The Society for American Baseball Research is a research society, open to anyone with interest in baseball, whose mission is to "foster the research, preservation, and dissemination of the history and record of baseball."
The society's better-known acronym SABR (pronounced "saber"), was famously used by baseball statistician Bill James to coin the term "sabermetrics," a word now in wide usage which describes the objective analysis of baseball using statistical analysis and mathematical models.
Despite the society's association with statistical analysis due to its association with the term "sabermetrics," however, the society is a catch-all group for all sorts of baseball-related research projects, many of which have no relation to statistics, such as an ongoing project to write a comprehensive biography of every major league player ever.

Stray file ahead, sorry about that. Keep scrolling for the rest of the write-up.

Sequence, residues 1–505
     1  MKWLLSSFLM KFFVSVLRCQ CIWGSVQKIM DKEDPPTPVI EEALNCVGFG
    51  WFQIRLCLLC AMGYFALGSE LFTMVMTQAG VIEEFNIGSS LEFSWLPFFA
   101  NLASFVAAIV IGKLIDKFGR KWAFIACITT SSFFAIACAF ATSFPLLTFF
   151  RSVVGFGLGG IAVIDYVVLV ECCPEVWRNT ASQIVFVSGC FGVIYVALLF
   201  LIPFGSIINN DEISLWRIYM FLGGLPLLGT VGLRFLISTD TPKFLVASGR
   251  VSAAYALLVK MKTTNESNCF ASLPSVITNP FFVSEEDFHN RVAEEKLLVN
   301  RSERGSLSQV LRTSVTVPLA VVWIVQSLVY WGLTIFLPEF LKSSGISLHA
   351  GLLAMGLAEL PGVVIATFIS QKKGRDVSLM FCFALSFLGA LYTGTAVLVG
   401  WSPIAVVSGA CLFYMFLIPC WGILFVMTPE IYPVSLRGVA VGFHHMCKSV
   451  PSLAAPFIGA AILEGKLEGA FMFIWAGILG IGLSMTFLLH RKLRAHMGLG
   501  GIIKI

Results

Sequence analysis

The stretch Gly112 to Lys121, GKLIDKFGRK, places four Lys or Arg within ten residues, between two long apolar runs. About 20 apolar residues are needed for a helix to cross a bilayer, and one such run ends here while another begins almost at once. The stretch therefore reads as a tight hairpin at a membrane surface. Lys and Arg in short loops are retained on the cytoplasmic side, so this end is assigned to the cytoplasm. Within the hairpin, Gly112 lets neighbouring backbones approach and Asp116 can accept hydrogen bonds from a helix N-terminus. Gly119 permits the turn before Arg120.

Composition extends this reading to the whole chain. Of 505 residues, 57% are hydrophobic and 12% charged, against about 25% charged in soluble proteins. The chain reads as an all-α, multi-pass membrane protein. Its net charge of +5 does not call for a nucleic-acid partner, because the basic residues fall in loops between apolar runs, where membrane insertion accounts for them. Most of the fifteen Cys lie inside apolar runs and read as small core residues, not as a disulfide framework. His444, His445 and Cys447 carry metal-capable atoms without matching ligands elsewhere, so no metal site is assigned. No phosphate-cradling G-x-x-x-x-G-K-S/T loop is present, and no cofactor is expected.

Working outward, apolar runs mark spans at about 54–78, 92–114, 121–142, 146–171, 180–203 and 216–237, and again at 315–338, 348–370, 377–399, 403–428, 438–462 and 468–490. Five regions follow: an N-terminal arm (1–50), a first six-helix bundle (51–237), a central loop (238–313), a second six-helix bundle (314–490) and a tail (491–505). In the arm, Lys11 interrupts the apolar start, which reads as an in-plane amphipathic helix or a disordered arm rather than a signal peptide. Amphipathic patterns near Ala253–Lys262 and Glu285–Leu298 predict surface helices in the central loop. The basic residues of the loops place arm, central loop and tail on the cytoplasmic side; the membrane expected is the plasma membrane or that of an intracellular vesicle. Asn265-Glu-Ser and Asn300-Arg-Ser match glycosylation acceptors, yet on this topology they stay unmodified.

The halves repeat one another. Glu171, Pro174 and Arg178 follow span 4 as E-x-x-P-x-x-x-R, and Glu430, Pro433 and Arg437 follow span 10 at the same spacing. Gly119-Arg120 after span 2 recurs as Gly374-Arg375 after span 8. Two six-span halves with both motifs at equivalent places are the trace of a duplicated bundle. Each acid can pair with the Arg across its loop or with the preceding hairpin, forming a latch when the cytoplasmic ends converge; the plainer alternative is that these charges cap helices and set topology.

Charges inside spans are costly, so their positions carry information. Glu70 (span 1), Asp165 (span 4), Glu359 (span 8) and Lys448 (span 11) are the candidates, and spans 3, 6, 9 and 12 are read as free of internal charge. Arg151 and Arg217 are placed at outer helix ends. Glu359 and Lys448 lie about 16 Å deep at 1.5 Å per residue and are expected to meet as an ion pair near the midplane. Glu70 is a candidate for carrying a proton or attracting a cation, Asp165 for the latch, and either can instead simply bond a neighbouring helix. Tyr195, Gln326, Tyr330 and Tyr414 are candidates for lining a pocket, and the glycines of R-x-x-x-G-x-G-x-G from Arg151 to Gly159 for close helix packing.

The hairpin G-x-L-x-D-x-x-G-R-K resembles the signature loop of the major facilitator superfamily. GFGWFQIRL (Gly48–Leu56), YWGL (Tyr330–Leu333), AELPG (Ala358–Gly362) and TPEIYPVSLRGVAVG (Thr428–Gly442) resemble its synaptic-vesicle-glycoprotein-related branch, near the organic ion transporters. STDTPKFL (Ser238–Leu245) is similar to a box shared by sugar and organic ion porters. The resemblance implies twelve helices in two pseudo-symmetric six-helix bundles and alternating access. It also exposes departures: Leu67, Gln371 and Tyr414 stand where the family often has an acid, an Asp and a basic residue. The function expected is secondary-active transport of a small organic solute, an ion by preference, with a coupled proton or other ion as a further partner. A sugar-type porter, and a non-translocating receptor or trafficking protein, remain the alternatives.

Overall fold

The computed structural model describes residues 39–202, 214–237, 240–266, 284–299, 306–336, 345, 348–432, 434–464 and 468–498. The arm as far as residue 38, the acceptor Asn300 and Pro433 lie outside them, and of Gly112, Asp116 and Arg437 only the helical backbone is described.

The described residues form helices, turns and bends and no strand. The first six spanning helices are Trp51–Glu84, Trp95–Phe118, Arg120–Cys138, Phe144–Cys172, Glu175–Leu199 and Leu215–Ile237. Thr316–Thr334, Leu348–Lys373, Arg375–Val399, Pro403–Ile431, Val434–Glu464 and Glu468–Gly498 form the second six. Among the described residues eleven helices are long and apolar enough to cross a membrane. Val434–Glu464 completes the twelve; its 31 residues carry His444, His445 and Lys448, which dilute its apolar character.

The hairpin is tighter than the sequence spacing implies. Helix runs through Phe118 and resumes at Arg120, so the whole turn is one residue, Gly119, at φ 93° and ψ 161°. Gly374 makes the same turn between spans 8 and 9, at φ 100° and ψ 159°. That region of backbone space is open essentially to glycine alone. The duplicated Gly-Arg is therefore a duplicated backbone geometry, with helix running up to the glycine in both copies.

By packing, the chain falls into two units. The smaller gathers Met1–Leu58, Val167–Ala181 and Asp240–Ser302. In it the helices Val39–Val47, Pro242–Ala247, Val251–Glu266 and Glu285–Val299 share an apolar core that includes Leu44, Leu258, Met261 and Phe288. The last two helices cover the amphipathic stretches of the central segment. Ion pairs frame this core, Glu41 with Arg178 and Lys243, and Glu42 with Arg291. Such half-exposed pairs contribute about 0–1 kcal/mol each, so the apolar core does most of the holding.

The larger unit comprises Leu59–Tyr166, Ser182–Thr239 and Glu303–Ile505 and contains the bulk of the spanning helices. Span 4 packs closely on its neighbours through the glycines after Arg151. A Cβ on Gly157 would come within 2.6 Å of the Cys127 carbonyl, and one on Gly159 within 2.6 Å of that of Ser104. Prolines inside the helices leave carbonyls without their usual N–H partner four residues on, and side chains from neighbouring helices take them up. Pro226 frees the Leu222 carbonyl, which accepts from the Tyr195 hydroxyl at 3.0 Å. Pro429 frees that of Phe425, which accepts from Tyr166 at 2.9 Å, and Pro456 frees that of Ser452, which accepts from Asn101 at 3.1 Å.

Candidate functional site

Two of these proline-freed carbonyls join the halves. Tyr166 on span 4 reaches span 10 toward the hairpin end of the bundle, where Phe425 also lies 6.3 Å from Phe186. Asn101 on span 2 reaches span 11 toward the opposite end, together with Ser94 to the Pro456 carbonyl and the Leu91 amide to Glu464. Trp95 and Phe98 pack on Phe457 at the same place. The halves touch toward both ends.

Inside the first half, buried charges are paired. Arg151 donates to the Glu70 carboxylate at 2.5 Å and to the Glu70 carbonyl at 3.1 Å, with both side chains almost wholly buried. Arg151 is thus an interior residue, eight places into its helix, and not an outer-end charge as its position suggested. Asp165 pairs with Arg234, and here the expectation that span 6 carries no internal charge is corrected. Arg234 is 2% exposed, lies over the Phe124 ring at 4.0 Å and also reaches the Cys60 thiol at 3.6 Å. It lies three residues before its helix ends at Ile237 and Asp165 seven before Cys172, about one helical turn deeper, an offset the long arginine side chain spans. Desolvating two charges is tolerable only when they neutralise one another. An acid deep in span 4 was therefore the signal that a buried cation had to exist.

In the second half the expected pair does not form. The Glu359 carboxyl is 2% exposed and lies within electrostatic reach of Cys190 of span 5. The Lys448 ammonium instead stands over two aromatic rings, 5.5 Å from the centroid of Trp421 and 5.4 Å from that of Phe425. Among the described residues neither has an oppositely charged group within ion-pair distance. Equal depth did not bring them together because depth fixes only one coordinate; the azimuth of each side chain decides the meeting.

SABR was founded in 1971 by Bob Davids, and is currently headquartered in Cleveland, Ohio. Altogether, the Society boasts almost 7,000 members and 56 regional chapters, many of which are named in honor of famous baseball figures from that region. The society sponsors an annual conference, held in a different city each year, which features panel discussions, presentations of research papers, a ballgame, and an awards banquet. The society also holds an annual conference on Negro Leagues, and an annual conference on baseball literature.